The article explains a simple mains failure backup circuit for providing Arduino boards an uninterruptible supply during such situations. The idea was requested by Mr. Fredrik.
This blog gave me a lot of interesting information. Especially the power supply circuit with battery backup part.
The reason for this is that I am working on a Arduino based system for monitoring and controlling heating cables at my summer place.
This system will eventually be gsm controlled so I quickly can get an update on for example the temperature in the bathroom.
The part that I am stuck on is that I would like to have the Arduino to have a battery backup of some sort so it can still monitor the temperature around vulnerable waterpipes, and possible notify me if mains power goes out. I'm thinking of using a car battery so it can last for ages if power goes out.
What changes will I have to make to the "Power Supply Circuit with Emergency Backup" circuit to make it work with a 12V car battery and still have it trickle charge slowly?
Thank you in advance for any advice.
The simplest way to implement the proposed application is by using two diodes as shown in the above diagram.
The design shows two diodes with their cathodes connected together and anodes terminated to a 14 V source and anodes to the positive of a 12 V battery source respectively.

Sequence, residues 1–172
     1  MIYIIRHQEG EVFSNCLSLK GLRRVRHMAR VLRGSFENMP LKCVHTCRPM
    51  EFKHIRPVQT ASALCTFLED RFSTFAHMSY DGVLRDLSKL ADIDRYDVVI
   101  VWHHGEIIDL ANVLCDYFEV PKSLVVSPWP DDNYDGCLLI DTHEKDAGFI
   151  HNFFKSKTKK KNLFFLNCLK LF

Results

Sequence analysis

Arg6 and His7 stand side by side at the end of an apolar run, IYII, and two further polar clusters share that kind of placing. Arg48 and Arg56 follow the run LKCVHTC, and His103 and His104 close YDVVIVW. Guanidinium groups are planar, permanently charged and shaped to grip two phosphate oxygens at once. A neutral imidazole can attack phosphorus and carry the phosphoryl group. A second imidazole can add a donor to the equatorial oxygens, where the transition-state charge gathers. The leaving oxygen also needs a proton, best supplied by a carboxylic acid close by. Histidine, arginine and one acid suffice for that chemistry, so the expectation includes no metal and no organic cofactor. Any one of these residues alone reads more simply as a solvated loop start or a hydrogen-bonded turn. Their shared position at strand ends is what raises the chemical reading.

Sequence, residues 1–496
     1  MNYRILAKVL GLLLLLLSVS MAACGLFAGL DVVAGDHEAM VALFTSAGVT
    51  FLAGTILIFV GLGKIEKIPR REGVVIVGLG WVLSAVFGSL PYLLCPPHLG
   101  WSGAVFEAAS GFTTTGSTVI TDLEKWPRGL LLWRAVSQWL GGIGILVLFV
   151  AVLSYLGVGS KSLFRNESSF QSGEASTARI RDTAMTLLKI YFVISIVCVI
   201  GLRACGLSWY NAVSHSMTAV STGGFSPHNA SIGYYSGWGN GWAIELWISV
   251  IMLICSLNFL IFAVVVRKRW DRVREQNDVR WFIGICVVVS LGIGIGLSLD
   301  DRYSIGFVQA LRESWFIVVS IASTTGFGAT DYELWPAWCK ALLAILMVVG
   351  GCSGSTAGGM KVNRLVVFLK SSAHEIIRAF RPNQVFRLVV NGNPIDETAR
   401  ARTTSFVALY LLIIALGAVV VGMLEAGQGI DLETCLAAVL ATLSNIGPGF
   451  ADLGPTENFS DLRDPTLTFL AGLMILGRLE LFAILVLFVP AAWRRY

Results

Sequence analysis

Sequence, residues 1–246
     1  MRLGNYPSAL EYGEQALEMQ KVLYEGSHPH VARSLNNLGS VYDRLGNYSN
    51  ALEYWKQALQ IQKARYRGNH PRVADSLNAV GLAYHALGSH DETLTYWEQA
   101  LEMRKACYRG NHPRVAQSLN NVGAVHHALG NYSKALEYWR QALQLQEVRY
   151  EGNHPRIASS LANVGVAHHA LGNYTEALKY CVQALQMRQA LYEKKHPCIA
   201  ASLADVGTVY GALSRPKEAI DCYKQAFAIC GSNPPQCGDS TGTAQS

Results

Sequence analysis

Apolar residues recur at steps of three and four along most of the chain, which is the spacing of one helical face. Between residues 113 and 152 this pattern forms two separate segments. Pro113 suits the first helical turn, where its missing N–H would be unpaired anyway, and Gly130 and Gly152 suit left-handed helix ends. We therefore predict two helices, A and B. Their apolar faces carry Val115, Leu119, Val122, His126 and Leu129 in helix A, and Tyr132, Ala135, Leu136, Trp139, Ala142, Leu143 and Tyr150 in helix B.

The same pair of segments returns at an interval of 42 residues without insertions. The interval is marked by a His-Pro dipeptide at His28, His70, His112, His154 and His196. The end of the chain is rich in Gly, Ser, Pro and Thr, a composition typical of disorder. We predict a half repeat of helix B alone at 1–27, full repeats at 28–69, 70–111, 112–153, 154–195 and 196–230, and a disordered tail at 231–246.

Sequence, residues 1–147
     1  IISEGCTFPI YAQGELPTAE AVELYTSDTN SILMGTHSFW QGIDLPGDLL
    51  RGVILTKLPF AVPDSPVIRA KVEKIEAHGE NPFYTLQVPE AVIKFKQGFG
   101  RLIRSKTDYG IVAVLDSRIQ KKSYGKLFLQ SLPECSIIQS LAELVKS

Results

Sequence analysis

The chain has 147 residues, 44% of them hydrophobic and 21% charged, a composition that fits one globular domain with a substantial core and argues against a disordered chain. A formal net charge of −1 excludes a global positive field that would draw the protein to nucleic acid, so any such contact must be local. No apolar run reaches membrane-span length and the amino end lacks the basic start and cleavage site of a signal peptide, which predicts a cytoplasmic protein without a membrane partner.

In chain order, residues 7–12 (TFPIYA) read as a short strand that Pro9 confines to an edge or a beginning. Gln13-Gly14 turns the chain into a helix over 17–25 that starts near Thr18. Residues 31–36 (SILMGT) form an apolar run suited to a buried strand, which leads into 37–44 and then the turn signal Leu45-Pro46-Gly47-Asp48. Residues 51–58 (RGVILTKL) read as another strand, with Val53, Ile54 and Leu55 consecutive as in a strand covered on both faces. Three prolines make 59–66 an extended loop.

The common cathodes of the diodes are further connected to a IC 7805 IC whose output is finally applied to the Arduino board.
When mains is present the 14 V supply ensures s constant trickle charge supply to the attached battery via R1 and also feeds the Arduino borad through D1 and the 7805 IC.
In this situation D1 cathode experiences a much higher potential than the cathode of D2 due a relatively lower battery potential at D2 cathode.
The above situation keeps D2 reverse biased allowing the battery charge to stay blocked and pass only the adapter voltage to the Arduino board.
But as soon as the mains supply fails, D1 instantly stops conducting and enables D2 to get forward biased so that now the battery instantly takes over and begins supplying the Arduino via the 7805 IC.